High as the Horses' Bridles
By Scott Cheshire
The year I turned eighteen, Mom finally decided she was better. She sat up in bed one day, came marching down the stairs, and said she had to go for a special session at the hospital. Dad took her, and they came home with tremendous smiles on their faces; I don’t know whose was bigger.
“Full remission,” Mom said.
Dad took her face in his hands, and he kissed her. Never saw anything like that before. He kissed her so hard, she started pushing him off, and she was laughing, but he wouldn’t let her go, she was laughing so much. Then he stopped, and picked her way up in his arms, and she was up there almost to the ceiling, and laughing, while he played biting at her belly. This is my most favorite memory. Not just because of how lovely, but because it woke me up to their lives in such an unexpected way. Like a bucket of cold water over my head. I’d been living peripherally, in my own home, walking along the walls like a mouse, following the same daily paths in hopes of avoiding direct contact with the people who owned this home.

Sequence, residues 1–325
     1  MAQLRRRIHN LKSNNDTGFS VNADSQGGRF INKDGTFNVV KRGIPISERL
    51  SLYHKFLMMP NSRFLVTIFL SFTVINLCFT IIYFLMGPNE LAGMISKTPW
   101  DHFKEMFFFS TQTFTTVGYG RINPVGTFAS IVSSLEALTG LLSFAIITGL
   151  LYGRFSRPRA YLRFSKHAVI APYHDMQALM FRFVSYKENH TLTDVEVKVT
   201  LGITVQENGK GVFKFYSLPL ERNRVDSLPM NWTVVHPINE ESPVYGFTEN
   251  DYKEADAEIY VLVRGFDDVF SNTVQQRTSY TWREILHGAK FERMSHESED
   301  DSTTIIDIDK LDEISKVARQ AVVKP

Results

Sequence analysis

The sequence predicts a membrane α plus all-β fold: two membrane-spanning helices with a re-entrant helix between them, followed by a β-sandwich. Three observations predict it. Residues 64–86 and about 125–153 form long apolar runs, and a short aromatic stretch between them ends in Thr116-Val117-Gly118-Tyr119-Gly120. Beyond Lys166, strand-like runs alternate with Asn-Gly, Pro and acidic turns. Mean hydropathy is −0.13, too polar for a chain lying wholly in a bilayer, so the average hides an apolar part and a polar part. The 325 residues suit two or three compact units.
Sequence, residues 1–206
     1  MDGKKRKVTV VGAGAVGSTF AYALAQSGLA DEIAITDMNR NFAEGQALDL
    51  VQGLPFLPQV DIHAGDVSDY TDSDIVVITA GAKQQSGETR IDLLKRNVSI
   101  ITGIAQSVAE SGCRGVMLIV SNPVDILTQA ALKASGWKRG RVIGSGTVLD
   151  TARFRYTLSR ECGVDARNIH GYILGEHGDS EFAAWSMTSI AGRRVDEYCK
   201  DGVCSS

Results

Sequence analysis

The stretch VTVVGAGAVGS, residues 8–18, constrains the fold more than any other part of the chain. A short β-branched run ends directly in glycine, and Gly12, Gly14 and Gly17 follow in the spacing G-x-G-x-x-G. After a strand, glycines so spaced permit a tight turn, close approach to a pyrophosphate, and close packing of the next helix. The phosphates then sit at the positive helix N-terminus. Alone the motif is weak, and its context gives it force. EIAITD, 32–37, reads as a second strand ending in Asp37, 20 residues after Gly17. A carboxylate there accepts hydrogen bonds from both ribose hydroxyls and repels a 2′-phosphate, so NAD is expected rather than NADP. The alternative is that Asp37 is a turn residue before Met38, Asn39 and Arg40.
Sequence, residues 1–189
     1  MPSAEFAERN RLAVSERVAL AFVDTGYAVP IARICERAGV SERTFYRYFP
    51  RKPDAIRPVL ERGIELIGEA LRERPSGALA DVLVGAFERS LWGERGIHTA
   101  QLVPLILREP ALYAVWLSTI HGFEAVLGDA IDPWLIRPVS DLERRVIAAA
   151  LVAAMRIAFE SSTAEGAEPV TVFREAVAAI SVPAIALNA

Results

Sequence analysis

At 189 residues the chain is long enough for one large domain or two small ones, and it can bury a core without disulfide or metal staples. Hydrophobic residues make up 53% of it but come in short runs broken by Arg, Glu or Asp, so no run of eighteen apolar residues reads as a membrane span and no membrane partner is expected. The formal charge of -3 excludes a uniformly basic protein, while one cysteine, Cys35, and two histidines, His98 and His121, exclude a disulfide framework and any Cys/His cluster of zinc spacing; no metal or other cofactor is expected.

But here they were, right in front of me. Mom was back, and fully charged, and she swore she would set this house aright because this was a churchgoing family. I have to say there was a welcome sense of security in having her back and taking the lead, and we returned to church as a family. Dad was reluctant to go. He’d since taken to calling the Brothers in the Lord apostates.
But he went anyway, for her. We all did, arrived just as service started, and left as it drew to a close. We spoke with no one. Mom also somehow managed to ignore the fact that I’d had a serious girlfriend for the last few years.
Excerpted from High as the Horses' Bridles by Scott Cheshire, published July 8, 2014, by Henry Holt and Company, LLC. Copyright © by Scott Cheshire. All rights reserved.